At a budget work session inside the Kenai Peninsula Borough Assembly chambers on Monday, assembly member Bill Smith had a pointed exchange with Robert Craig, the Anchor Point service area's administrator.
Smith, Homer's borough assembly representative, wanted to make sure that the Anchor Point Fire and Emergency Service Area was using allotted money for the intended purpose.
In February, the assembly approved giving $30,000 to the service area so that it could repair emergency equipment and pay for physical examinations for the area's volunteer emergency personnel.
Smith was concerned that the service area was not making the most of those funds because Craig said only $5,000 has been spent and the medical exams have not yet happened.
"It's been several months. It seems like that would be a pretty simple thing to get scheduled," Smith said.
"I'm not sure how to answer that question," Craig responded.
"Did you get anything from the money you spent? I think that's an appropriate question," Smith said later.
Those are the kinds of budgetary questions that can come out of work sessions like the one held Monday. While they are mostly dry informational talks, the work sessions provide early insights into possible sticking points as the borough assembly moves forward in the budget approval process.
Monday's work session was the second of three on the borough budget, which will be published and distributed by June 26.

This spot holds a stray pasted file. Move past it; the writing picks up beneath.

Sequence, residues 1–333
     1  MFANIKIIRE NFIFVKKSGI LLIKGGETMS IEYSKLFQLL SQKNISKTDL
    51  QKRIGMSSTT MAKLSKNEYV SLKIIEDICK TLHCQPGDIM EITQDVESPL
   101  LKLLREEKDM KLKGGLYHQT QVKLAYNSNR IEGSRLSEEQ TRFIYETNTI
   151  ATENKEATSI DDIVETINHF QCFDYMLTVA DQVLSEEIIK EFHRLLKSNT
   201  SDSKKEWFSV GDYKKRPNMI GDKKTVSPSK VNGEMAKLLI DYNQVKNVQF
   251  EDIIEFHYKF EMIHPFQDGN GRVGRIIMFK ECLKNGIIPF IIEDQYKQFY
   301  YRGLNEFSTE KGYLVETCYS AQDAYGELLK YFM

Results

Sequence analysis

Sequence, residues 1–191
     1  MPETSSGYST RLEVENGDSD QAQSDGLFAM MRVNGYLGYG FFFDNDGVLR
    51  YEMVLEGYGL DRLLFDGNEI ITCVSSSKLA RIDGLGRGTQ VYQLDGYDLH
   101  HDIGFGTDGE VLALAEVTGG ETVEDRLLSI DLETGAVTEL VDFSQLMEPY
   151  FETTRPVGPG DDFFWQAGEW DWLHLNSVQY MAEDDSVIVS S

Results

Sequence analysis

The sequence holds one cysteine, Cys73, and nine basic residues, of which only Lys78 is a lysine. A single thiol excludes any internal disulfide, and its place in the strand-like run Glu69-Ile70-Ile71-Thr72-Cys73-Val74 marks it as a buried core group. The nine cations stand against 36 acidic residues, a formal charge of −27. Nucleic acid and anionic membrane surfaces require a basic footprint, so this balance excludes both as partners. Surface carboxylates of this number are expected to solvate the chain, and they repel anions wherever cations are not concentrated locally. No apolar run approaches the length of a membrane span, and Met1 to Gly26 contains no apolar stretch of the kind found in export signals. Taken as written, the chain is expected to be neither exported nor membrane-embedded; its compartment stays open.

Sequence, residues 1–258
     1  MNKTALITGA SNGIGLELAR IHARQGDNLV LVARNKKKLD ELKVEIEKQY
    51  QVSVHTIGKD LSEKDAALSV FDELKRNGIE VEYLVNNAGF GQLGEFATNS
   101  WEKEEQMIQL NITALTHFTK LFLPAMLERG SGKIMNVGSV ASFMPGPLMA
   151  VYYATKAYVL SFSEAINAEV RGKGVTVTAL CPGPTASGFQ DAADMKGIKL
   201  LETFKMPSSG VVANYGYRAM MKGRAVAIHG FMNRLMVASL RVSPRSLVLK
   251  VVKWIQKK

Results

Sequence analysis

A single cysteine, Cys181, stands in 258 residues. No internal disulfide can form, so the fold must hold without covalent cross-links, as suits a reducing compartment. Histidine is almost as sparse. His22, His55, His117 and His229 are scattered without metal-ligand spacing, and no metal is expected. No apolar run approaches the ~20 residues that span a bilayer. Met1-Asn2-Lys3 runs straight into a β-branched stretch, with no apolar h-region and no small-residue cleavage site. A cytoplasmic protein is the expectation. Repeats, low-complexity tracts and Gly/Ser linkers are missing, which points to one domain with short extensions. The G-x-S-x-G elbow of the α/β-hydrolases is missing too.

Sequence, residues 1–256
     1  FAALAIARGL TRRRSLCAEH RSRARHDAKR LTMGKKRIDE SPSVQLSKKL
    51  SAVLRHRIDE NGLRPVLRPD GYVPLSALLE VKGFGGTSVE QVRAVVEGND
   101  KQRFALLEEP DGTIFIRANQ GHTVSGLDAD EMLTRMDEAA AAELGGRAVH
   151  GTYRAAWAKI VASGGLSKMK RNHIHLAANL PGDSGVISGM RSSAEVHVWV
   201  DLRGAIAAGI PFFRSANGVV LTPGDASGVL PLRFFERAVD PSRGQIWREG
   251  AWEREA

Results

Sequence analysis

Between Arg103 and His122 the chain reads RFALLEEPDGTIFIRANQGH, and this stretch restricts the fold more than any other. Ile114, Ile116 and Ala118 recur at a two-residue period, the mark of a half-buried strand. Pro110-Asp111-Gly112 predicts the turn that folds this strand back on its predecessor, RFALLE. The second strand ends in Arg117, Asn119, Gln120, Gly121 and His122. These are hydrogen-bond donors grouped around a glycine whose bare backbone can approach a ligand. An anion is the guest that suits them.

For the most part, the assembly members spent Monday listening as Finance Director Craig Chapman and other department heads and service area leaders laid out the details of the proposed fiscal year 2011 budget.
But the assembly did have a few questions that could evolve into full-scale debates once budget decisions need to be finalized.
Some concerns that the assembly expressed on Monday were mail cost reductions not being accurately reflected, fund balances being lowered and the status of jobs within certain departments.
Still, "Nothing will really happen until June 8." Assembly President Pete Sprague said.
On June 8, the assembly will hold a public hearing on the budget and finalize the service area and general government budgets.
The proposed FY 2011 budget, submitted by Borough Mayor Dave Carey, aims to: stick to fiscal conservatism; maintain basic services within the borough; provide the highest educational funding that the borough can afford; and stabilize the borough's financial condition, according to the mayor.
The full text of the 359-page proposed FY2011 budget is available under the Finance tab on the borough's website. The next work session is scheduled for June 7.
Andrew Waite can be reached at email@example.com
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